A constellation is formally defined as a region of the celestial sphere with boundaries laid down by the International Astronomical Union (IAU). Constellations are usually based on asterisms, which are chance groupings of stars in the sky that resemble familiar patterns. Some constellations contain other asterisms within them. For example, the Big Dipper is an asterism located within the constellation Ursa Major. The constellations are actually much larger than the asterisms they contain. Today there are a total of 88 constellations that cover the entire night sky. 36 of these are located in the northen hemisphere of the sky while the remaining 52 are in the southern hemisphere. The official borders of these constellations were originally defined by the IAU in the 1920s. Astronomers use these constellations as a location marker for identifying the part of the sky where a particular star or other object can be found.
The asterisms that make up the constellations were seen by ancient people as patterns in the stars. Their origins date back hundreds or even thousands of years. Ancient cultures in different parts of the world have assigned different patterns to these star groupings. There are 50 constellations that date back to ancient Greece, Rome, and the Middle East. Many of these ancient constellations are associated with the rich mythology of the time. The other 38 are much more recent. The Greek astronomer Ptolemy cataloged 48 constellations in the second century. They were based on the work of the Greek astronomer Eudoxus of Cnidus. Some of the southern constellations are more recent because they could not be seen by any of the ancient civilizations north of the equator. They were charted by Dutch navigators in the late 16th century and included in Johann Bayer’s star atlas Uranometra in 1603. Bayer added a total of 11 new constellations to the sky. Several more were added by the French astronomer Nicolas Louis de Lacaille in his catalogue published in 1756. Lacaille created 14 new constellations while mapping the southern skies from an observatory in South Africa. The International Astronomical Union defined the final boundaries of the 88 constellations in the 1922.
Classifying the Stars
Stars in the night sky are classified by their brightness, which is referred to as their magnitude. The magnitude of a star is measured on a logarithmic scale, similar to that used for measuring earthquakes. Each order of magnitude equals a variation in brightness of approximately 2.5 times. Therefore, a magnitude 1 star is 2.5 times brighter than a magnitude 2 star, and is 2.5 x 2.5 times brighter than a magnitude 3 star. Astronomers use two different types of magnitude. Absolute magnitude measure the brightness of a star as it would appear if it were placed at a fixed distance from the Earth. Apparent magnitude is the brightness of the star as it appears in the night sky from Earth. The stars in the constellations are classified using their apparent magnitude, also called visual magnitude.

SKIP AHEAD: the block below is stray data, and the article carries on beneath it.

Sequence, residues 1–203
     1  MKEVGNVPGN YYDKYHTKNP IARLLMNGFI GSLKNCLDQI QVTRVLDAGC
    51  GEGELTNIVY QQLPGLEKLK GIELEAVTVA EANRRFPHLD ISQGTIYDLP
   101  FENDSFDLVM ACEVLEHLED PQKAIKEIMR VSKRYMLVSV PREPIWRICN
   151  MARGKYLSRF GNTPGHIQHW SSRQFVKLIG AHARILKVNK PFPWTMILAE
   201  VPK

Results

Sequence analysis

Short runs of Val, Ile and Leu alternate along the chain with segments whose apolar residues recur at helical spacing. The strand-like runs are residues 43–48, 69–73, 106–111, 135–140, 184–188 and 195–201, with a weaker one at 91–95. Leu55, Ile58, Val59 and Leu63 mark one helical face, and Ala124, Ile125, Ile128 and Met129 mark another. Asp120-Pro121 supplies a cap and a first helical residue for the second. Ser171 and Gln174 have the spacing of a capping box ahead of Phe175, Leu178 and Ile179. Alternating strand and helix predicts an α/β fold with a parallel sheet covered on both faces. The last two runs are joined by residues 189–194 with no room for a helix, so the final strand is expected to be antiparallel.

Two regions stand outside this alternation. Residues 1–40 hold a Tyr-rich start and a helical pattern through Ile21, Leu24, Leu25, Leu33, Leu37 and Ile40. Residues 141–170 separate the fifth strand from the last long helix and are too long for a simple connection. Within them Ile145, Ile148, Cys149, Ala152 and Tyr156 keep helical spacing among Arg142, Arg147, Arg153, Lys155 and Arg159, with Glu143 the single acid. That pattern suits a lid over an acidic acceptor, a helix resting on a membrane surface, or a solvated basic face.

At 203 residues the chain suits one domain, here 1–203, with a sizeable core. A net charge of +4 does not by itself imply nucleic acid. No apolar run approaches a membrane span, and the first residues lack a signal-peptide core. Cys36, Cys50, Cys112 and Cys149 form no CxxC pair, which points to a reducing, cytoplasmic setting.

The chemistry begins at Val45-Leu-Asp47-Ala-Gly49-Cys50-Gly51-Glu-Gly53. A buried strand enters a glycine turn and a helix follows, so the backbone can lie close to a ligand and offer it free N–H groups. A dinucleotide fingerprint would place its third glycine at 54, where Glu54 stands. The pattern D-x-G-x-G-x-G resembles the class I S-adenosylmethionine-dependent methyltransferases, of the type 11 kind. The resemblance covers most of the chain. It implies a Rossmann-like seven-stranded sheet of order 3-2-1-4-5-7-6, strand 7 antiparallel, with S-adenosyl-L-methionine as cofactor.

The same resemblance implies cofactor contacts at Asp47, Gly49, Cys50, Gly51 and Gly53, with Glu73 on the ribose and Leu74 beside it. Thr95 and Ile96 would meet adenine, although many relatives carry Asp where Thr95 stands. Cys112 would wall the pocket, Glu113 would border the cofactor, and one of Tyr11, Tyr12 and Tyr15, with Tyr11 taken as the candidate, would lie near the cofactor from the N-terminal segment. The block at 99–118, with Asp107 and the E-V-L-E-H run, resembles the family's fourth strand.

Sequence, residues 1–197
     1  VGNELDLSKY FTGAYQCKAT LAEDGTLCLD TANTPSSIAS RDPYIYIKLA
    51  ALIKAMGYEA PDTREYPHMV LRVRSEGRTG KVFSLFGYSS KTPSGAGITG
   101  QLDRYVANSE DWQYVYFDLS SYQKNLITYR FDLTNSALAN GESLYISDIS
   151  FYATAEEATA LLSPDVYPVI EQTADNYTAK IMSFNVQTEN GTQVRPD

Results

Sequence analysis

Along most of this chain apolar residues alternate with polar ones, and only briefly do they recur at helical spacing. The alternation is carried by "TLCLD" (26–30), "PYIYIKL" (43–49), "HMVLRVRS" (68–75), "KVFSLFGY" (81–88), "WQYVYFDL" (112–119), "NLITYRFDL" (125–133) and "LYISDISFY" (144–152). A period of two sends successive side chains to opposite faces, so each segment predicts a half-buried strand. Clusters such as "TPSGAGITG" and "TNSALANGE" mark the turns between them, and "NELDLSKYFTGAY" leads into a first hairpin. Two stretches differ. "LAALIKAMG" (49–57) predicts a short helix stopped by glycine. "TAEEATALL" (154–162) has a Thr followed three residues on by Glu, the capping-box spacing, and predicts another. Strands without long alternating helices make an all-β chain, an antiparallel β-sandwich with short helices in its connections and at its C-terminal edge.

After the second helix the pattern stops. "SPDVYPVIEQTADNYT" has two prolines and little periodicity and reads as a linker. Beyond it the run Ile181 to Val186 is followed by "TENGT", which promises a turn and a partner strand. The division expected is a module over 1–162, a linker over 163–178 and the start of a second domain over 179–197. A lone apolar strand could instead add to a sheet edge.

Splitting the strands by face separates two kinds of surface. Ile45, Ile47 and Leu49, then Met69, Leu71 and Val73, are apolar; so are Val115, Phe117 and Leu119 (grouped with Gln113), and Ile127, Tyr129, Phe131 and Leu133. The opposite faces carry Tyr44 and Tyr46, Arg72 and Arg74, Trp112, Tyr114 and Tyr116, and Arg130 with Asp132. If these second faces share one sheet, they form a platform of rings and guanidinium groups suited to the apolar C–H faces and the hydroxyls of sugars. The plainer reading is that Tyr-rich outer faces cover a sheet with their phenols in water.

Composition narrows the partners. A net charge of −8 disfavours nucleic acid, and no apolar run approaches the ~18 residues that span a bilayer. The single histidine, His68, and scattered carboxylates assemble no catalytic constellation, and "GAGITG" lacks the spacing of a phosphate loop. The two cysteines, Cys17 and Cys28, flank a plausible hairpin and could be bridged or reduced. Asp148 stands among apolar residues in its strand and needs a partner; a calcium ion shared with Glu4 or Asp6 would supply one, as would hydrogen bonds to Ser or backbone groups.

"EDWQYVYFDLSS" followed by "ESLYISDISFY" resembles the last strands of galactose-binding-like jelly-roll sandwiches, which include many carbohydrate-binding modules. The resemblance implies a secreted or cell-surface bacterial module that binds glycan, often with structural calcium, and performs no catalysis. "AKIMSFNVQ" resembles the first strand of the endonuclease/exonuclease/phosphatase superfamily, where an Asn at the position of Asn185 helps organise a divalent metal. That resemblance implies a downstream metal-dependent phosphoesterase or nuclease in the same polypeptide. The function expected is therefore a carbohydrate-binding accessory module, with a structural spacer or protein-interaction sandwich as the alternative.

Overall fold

Classification by Magnitude
Most of the brighter stars in the constellations were assigned names by the German astronomer Johann Bayer in 1603, when he published his star atlas known as Uranometra. Bayer assigned a lower-case Greek letter such as alpha, beta, gamma, etc. to each star he cataloged. Each star’s name consists of a Greek latter plus the Latin name of the constellation in genitive, or possessive, form. In most cases, Bayer assigned the letters in alphabetical order based on the star’s brightness. For example, the brightest star in the constellation Taurus is Alpha Tauri. The second brightest star is Beta Tauri. The next brightest is Gamma Tauri, and so forth. These classifications are known as Bayer designations and are still used today. However, in Bayer’s day the brightness of a star could not be measured precisely. Stars were usually assigned to one of six magnitude classes. As a result, the brightest star in each constellation did not always get assigned as Alpha. This means than in some of the constellations the Bayer designations do not follow the star’s apparent magnitudes in order.
In addition to the Bayer designation, many of the brighter stars have also received traditional names over the years. Most of the traditional names used today are based on Arabic star names. A few are based on Greek or Chinese names. The Greek astronomer Claudius Ptolemy calculated the position and brightness of 1,025 stars in the second century. His book, known as Almagest, was translated into Arabic in the 8th and 9th centuries. It was later translated into Latin where it became popular in Europe. Many of the Arabic names became widely used as names for the stars.
Many people wonder why so many of the constellations do not look like their names. This is because in most areas of the world today, light pollution from city lights hides many of the dim stars. For many of the constellations, these dim stars fill in the fine details of the patterns, making them more recognizable. It still takes some imagination to see some of these shapes, but it is much easier when all of the stars can be seen.
Constellations by Month
As the Earth revolves around the Sun, the stars that are visible in the night sky change from month to month. Because of this, the constellations are often grouped according to the month in which they are best visible. These monthly listings assume that you are looking at the sky at 9:00 PM. For every hour later than 9:00, add half of a month. For every hour before 9:00, subtract half a month. At the bottom of the page is an alphabetic listing for those looking for a particular constellation. Please note that the illustrations of each constellation in this section will show only the brightest stars for purposes of simplicity. If you need a more accurate rendering of any of these star groupings, please consult a star chart. Click here for a list of credits and sources.